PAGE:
Football: I don’t think there is going to be college football this fall, and I’m doubtful about pro ball. I think the NFL will try to start a season, but I expect it to have to end due to Covid-19. It’s a personal loss, because I love football, so one of the myriad reasons I hate Trump as our president is that if he had addressed the virus properly the first time, we wouldn’t be in this mess.

Worst State: There’s been so much national news – good and bad – this week that I haven’t had time to check the usual suspects for malfeasance, so they all get a pass this week.

Thoughts on Events the Week of August 3

Posted in Uncategorized by EloiSVM42 on August 11, 2020

TikTok: I don’t know much about this social media website, other than that it is wildly popular among young teenagers. On it, they post and share amateur videos. This fact renders Trump’s stated reason for threatening to ban it particularly stupid, and almost certainly disingenuous. One of these days, the Republican Party is going to need voters who are not pasty old white guys. Banning TikTok risks alienating younger voters before they are even eligible to vote.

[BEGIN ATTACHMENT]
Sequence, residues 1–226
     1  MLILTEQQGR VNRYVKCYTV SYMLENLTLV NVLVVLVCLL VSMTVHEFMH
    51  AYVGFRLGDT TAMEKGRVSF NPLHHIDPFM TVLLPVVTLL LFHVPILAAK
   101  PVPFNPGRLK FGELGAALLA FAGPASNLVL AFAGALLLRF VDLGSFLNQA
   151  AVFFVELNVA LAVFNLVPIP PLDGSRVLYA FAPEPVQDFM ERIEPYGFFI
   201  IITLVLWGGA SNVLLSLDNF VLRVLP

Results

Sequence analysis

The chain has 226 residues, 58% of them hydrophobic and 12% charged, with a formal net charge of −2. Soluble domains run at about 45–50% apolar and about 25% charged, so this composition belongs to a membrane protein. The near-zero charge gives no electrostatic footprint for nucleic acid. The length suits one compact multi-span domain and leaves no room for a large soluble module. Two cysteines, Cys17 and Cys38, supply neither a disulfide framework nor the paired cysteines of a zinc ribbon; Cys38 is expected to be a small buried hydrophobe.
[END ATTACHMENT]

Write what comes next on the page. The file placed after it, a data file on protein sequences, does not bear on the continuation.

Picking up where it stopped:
Trump says he’s worried that China will be able to hack these teenagers’ private information. What Trump doesn’t understand is that China already has this information, because teenagers give their private information away indiscriminately already. You don’t have to hack to get it. The difficulty is getting teens to shut up about it. Like it or not, and I don’t, this younger generation has a vastly different take on privacy than previous ones.

No, I suspect Trump is upset because a Chinese company developed it, thus demonstrating that they know what they are doing. The poor man has TikTok envy, perhaps the only adult in the world who does, with the exception of Mark Zuckerberg, who now is facing some stiff potential competition.

Trump now is threatening to ban all Chinese companies from selling communications technology in America. The Chinese claim, rightly, that this is mere garden variety protectionism. Trump is trying to set up his own Smoot-Hawley Act specifically against China. We know how well Smoot-Hawley worked during the Great Depression; It exacerbated it